The Poison of Cultural Marxism: Is There a Cure?
by Mary Anne Kreitzer
St. Thomas More once said, “There is no time so evil that a good man cannot live in it.” Of course, as things turned out, he could not, in fact, live in that evil time, and suffered martyrdom through the betrayal of liars and sycophants. And other good men and women over the next decades under succeeding monarchs of that trying English period died too: clergy like Bishop John Fisher and scores of priests including Jesuits St. Edmund Campion and St. Robert Southwell, lay priest protectors like Anne Line and Margaret Clitherow, and a host of others dragged to the “tree” at Tyburn, their personal cross, to be hanged, drawn and quartered.1
In retrospect More’s words seem ironic as we cast our eyes over history’s timeline. From that first “evil time” when God’s “light-bearer” embraced the dark by rebelling, down to our own times, many “good men and women” have lost their lives to the chopping block, the fire, the guillotine, firing squads and the death camps. A cynic could easily say that Thomas More was a foolish idealist whose words were disproved by his own life.
Yes, studying history is a sobering experience that causes some to question the goodness of God, a God who loved us enough to give us the freedom that permits rebellion. And in every age one can see how the devil, that first rebel, attempts to extinguish good by extinguishing good men. If he fails to seduce them, killing them appears to be the next best thing. The Old Testament is rife with stories of gruesome persecution of God’s Chosen People. The mother who witnessed her seven sons all tortured and killed by the tyrant Antiochus before her eyes while she urged them to resist is chilling.2 The suffering of the Hebrews in captivity in Egypt and Babylon illustrates the capacity of man to persecute his brothers. And the New Testament continues the litany of evil from its very beginning with the murder of the Holy Innocents as Herod attempted to snuff out the light of the world.
From there every age gushes with the blood of good men and women martyred by Satan’s human servants. The Roman leaders entertained the masses by drenching the coliseums with the blood of Christians. Endless conflicts between Church and state, especially during the Protestant Revolution, showed the jealousy of worldly powers threatened by the authority of God’s Church. The litany goes on up until modern times and the bloodiest century in history (so far), the 20th, when more Christian martyrs died than in all previous centuries put together.
Even in relatively good moral times like the Middle Ages when Christendom thrived under the Holy Roman Empire and local parishes and monasteries were the center of community life, Satan worked his devilish machinations assaulting mankind with physical evils. The Black Death killed one third of the population of Europe. Plagues, famine, superstition, and witchcraft all tempted humanity to fear and despair.
But despite doing his damnedest (literally), Satan will never extinguish the light. As long as good men continue to pray with the psalmist, “Here am I, Lord, I come to do your will,”3 Satan is doomed to defeat. Embracing God’s will is both a shield against evil and a torch lighting the world with the truth. And that is certainly, the most powerful way for the individual to fight. To embrace God’s will and search unceasingly for it is the best prescription for salvation.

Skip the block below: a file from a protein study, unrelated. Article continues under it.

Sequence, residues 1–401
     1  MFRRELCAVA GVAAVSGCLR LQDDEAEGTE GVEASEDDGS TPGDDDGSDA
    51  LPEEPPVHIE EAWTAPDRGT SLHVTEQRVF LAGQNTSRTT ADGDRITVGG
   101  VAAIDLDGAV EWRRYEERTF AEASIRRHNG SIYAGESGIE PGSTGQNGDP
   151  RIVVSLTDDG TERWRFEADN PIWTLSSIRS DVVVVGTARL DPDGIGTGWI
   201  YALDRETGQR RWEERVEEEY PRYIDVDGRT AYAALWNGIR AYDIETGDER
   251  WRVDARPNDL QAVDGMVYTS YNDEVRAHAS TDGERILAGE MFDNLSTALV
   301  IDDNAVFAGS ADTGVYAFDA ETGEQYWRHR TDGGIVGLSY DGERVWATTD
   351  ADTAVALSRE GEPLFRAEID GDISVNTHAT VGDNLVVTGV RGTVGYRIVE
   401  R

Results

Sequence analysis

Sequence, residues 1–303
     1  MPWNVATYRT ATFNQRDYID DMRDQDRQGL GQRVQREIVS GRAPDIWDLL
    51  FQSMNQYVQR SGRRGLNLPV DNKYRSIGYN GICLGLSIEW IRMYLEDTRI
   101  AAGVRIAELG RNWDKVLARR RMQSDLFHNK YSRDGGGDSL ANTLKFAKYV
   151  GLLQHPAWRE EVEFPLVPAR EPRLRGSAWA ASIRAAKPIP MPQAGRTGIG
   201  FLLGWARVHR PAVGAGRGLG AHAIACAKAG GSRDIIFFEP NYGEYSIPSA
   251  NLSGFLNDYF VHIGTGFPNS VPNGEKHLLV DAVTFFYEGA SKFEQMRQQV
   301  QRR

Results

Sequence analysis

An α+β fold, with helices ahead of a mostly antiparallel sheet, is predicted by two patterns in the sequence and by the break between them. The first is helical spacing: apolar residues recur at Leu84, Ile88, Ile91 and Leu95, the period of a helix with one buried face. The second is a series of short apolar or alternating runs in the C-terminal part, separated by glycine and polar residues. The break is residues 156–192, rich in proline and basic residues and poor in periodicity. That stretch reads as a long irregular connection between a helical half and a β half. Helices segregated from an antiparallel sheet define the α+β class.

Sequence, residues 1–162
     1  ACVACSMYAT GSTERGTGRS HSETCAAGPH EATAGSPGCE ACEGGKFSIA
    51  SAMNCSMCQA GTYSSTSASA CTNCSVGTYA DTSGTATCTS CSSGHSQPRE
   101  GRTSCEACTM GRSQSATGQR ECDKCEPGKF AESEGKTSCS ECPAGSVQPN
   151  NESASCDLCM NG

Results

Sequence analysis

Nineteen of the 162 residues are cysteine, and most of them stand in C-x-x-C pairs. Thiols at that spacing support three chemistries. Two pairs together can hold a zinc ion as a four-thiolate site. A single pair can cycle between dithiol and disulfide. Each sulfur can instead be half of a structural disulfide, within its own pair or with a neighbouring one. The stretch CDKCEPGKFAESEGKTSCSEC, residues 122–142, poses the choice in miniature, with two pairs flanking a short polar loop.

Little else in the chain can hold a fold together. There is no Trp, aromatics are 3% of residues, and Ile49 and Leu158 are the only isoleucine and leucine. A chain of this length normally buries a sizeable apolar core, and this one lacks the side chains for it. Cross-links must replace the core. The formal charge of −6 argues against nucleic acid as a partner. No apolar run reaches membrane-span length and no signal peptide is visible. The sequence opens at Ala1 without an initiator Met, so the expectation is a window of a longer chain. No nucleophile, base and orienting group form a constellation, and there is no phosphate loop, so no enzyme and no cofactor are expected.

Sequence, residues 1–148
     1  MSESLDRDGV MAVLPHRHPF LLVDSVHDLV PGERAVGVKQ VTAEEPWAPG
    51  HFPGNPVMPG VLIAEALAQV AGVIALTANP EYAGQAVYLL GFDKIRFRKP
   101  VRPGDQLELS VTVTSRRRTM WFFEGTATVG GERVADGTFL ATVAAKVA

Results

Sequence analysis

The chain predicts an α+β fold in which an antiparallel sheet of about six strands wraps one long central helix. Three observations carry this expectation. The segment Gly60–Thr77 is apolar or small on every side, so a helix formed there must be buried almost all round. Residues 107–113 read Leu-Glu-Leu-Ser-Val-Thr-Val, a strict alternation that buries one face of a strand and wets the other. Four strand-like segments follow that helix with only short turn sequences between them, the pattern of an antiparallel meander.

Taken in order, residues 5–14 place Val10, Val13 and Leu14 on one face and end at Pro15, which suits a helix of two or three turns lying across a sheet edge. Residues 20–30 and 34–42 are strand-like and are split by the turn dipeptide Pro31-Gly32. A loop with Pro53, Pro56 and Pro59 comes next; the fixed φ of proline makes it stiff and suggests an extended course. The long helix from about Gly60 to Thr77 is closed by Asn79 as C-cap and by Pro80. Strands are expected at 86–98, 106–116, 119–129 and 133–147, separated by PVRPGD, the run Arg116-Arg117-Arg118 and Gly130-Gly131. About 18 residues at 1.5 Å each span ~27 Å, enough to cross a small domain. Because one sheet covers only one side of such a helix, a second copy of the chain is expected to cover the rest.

But Christians are not called to have merely an individual relationship with God in our battle against the evil one. God calls us to work for the harvest. In our own times that offers particular challenges because of the poison of the “isms” (Marxism, modernism, feminism, secularism, etc.). Like the Black Plague of the Middle Ages, they have infected the hearts and minds of many generations.
In a recent issue of Culture Wars, William S. Lind describes how the Frankfurt School, founded in Germany in 1923, promoted Marxist theorists intent on the destruction of Western culture and the Christian religion in order to make way for the Communist utopia. Their ideas were the basis to inject Marxism into the cultural life of the United States. Lind tells how Herbert Marcuse took the work of Max Horkheimer and Theodor Adorno and put it into a popularized form to influence college students. Horkheimer believed that Marxism must be shifted from economics to culture because the working class “would not be the agent of revolution…it was becoming part of the middle class.” Adorno advanced the idea that since “life under capitalism was by definition alienating, music, art, architecture, etc. must also be alienating in order to be ‘true.’” The ideas of these men, combined with those of Erich Fromm and Wilhelm Reich, followers of Sigmund Freud’s school of psychiatry (repression is bad, let it all hang out) would provide the tools for undermining and destroying western culture.
The success of Horkheimer’s and Adorno’s ideas is clearly evident in all the ugly churches built between the 1960s and 1980s, the horrendous “music” with neither melody or harmony, only a jungle beat, the ugliness of modern art and the Bauhaus movement in architecture, the moral depravity of film and television, the vacuity of much of modern literature, etc.; but above all they lit the fuse of the sexual revolution spreading evil like shrapnel throughout the world.
It was Marcuse n his book Eros and Civilization who argued:
Lind argues that it is impossible to use philosophical argument against the “psychological conditioning” of Cultural Marxism which has so infected our age. For several generations the young have been trained to respond to events in ways that bypass rational thought and focus on feelings. Political correctness is so ingrained that Soviet KGB agent Yuri Bezmenov, who defected to Canada in 1970, described the brainwashing process in a 1985 interview: